By Debra Knapke
After I’ve worked in the garden, I like to brew a cup of tea and sit and read. Depending on my mood, I choose fiction or non-fiction. In the non-fiction world I see books as being light, medium or heavy “reads”.
For the light read, pick up the The Big, Bad Book of Botany by Michael Largo. This is a selective encyclopedia of plants that define the plant kingdom. While there are some similarities with Amy Stewart’s Wicked Plants – many of the plants have poisonous attributes, there is more about how plants have evolved to carry on the business of surviving in all types of environments. I found myself flipping through the book to my favorite plants, like lavender, and then searching out plants that were new to me. I was amazed to learn that rattan, which I think of as a component of outdoor furniture, has been developed into a bone substitute that is not rejected by the human body.
One little nit-picky point: fungi are included, and technically, they are not plants as they reside in their own kingdom. But, the illustrations are intriguing, and Largo’s writing style is easy to digest.
For a medium read and for inspiration, check out Deep-Rooted Wisdom: Skills and Stories from Generations of Gardeners by Augustus Jenkins Farmer or “Jenks”. The table of contents exemplifies what this book is offering: Building Fertile Soils: Encouraging a Healthy Web of Life, Stop the Tilling Cycle: Harnessing the Natural Powers of Worms and Mushrooms, Saving Seeds: Treasuring Heirlooms for Genetics and Nutrients and more. I started with the last chapter first: Finding the Spirit: Telling Stories through Your Garden. In my own garden, I am greeted by stories every time I am in it, and I was curious to see Jenks’ interpretation of this essential part of the garden.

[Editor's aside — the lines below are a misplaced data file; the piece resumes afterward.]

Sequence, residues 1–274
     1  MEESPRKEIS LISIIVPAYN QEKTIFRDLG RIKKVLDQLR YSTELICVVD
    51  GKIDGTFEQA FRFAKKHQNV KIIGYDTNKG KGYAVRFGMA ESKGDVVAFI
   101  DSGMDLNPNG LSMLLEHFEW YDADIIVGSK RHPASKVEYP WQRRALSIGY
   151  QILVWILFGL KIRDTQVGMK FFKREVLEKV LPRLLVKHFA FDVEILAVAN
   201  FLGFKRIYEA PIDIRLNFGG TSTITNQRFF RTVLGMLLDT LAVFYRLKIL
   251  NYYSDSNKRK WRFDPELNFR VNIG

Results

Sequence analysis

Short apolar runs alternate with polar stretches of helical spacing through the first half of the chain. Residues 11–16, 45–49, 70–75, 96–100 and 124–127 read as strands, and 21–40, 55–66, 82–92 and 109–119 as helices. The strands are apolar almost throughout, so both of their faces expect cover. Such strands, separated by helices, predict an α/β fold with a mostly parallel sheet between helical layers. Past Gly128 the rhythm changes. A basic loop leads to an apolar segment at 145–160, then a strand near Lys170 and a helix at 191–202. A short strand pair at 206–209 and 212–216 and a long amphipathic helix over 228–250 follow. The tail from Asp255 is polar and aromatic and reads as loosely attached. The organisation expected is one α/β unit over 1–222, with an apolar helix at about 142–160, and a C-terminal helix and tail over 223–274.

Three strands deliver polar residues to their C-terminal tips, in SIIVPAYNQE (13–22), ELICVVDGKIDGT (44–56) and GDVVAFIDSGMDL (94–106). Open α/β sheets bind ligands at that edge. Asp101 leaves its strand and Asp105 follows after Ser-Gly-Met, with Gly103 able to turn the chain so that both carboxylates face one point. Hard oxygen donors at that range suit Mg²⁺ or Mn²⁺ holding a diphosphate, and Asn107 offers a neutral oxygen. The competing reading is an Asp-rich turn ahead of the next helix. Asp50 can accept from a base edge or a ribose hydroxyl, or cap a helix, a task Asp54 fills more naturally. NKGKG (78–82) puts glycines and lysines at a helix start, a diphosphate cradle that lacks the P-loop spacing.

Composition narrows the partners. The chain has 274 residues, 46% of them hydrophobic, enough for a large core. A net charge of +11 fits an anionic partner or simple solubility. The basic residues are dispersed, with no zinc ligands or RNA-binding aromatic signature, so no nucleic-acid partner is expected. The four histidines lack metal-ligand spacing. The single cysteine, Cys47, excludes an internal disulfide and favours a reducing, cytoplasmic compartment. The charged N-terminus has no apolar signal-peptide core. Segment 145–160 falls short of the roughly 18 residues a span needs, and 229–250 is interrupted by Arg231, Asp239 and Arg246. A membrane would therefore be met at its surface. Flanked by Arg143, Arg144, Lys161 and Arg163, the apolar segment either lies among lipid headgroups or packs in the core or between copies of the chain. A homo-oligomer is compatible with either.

Each chapter showcases two teachers who explain their techniques and where they learned them. Jenks then explains how that wisdom is expressed on his organic farm and nursery. I am not done with this book as it takes time for each chapter to settle into my own gardening philosophy. The pictures are gorgeous, and the text is poetry.
And, now for the heavy read: The Age of Sustainable Development by Jeffrey D. Sachs. I am half-way through… whew.
If you want to understand the opportunities and threats to sustainable development from a worldwide perspective, this is the book you need to read. For instance, a nation has an advantage if it has coastal areas, access to freshwater, good medical care, benevolent weather and energy resources. A nation will be disadvantaged, if it is landlocked, water stressed, has a heavy disease burden (e.g. malaria), has natural hazards (e.g. earthquakes, typhoons) and has a lack of energy resources. The maps and charts are an excellent addition to the text. Without them, I’m not sure I would be able to navigate this tome.
The first two books are more personal or local in nature, while the last book offers a global view. This falls right in line with the phrase: Think globally, act locally. Isn’t that what all gardeners do?
‘Wishing you beautiful days in nature…